In these 10 recipes from our archives, you can take your pick from a variety of no-knead, make-ahead and last-minute options that run the gamut from fluffy to flaky.
Pillowy Pull-Apart Dinner Rolls, above. This recipe has become an annual tradition for me and some of my colleagues. These perfect puffs — achievable even for folks who have never baked bread — come together very quickly and require only a short rise on the counter. If you want to get a jump on the prep, freeze the shaped rolls on a jellyroll pan and allow for time to defrost, rise and bake on Thursday. Another similar option: Pandesal, a slightly sweet Philippine specialty.
No-Knead Focaccia With Sausage, Apple and Shallots. Stuffing meets bread in this large-format bread that feeds a crowd and stars in the four-course menu I developed for our main Thanksgiving package. Even if you have a smaller group, you’ll be grateful for extras when you slice the focaccia in half horizontally for some outrageous leftovers sandwiches. Feel free to switch up the toppings as you see fit, or stick with the original Fast Focaccia this recipe is based on.
Honey Whole-Grain Mini Corn Muffins. Set a basket of these two-bite muffins on the table and watch them disappear in no time. If you don’t have whole-wheat pastry flour, a mix of all-purpose and regular whole-wheat flours works just fine.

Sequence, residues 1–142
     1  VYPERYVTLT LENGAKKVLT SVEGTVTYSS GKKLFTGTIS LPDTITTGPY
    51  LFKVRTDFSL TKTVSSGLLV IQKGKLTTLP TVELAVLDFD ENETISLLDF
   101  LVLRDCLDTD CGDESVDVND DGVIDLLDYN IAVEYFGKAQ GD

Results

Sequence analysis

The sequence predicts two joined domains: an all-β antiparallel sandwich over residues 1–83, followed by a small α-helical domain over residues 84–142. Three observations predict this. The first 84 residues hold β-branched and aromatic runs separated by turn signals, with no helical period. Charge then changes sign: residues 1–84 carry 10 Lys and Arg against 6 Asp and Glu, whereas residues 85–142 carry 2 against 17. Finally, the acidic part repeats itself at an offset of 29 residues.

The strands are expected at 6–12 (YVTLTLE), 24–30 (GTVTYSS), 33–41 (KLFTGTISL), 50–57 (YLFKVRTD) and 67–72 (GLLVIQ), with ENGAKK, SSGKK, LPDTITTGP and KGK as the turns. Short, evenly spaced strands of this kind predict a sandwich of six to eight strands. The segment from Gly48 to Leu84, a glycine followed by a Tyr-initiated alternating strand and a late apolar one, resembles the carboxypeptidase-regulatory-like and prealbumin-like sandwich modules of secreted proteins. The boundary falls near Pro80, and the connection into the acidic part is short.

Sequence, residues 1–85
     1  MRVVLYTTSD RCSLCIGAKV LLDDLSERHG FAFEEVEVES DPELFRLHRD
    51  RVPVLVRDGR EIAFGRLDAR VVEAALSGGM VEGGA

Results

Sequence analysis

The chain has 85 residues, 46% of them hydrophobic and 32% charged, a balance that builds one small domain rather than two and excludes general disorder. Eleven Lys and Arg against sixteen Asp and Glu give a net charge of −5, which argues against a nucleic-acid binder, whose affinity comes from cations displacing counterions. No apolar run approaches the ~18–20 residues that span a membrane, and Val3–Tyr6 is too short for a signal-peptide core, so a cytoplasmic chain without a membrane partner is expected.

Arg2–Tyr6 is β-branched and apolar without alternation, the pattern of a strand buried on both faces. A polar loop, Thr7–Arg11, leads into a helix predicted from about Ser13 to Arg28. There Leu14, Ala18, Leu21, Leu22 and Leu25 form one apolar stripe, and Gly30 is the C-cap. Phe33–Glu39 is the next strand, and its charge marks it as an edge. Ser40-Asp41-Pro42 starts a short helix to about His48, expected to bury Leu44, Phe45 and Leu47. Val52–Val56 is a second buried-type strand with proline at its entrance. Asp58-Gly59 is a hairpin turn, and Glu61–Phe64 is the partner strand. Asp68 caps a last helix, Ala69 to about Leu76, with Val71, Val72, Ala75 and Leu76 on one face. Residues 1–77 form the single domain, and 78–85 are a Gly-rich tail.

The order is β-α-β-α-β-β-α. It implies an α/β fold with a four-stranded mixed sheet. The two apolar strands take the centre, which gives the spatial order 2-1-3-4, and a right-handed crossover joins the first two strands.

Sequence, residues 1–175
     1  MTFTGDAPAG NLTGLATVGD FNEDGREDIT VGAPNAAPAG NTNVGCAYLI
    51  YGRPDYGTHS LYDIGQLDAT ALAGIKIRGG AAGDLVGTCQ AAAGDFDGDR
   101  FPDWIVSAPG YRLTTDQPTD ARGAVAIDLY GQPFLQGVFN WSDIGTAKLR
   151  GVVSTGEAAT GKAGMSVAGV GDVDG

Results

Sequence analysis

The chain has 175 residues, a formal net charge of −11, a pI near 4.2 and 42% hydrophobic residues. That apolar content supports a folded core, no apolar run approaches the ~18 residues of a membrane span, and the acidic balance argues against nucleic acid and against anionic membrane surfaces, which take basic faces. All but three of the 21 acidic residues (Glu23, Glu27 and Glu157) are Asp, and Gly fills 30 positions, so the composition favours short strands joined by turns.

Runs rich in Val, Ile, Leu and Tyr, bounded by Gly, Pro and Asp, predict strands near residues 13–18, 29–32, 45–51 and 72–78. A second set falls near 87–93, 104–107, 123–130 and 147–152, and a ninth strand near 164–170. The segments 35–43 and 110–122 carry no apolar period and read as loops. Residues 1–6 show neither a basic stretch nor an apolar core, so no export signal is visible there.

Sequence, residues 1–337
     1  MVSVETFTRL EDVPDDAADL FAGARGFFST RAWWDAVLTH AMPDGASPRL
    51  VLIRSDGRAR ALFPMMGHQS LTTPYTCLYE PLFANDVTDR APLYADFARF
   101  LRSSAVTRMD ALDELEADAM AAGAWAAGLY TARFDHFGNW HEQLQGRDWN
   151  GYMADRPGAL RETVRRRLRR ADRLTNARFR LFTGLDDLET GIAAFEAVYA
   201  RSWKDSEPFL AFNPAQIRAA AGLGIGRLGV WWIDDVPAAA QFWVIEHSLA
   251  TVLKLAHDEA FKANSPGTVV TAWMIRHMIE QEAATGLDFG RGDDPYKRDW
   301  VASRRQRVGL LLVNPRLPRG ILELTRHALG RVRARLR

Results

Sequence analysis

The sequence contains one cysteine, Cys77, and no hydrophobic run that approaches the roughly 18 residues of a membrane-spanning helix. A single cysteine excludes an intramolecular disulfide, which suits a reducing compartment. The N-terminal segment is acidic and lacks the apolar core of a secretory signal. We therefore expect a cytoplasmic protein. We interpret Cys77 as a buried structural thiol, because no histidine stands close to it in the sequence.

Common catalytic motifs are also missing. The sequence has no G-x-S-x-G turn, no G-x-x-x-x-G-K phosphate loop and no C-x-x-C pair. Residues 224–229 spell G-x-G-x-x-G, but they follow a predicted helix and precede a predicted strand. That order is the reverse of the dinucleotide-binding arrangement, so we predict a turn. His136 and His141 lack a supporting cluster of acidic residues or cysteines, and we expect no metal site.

Triple Garlic Bread. Sure, it’s a bit unorthodox, but it smells and looks amazing, and the powerful garlic presence can punch through some of the other richer or milder flavors. This is a great option for people who want an impressive bread without having to start from scratch.
No-Knead Whole-Wheat Bread. Let the dough rest overnight and then for an hour or two in the morning on the counter. You don’t want to slice into this bread warm, so if you bake it in the early part of the day, you’ll still have your oven free for everything else. Overnight Dutch Oven Bread follows a similar strategy.
No-Knead Icebox Rolls. You’ll need to budget an overnight rest in the fridge and a few hours rising at room temperature, but there’s very little hands-on time for this recipe from Toni Tipton-Martin’s book, “Jubilee: Recipes from Two Centuries of African American Cooking.”
Rosemary Biscuits. Rosemary is a classic Thanksgiving flavor that complements many of the other ingredients on the holiday table. They are best served the day they’re made, but loading them up with all sorts of leftovers for tasty mini-sandwiches is absolutely a pro move.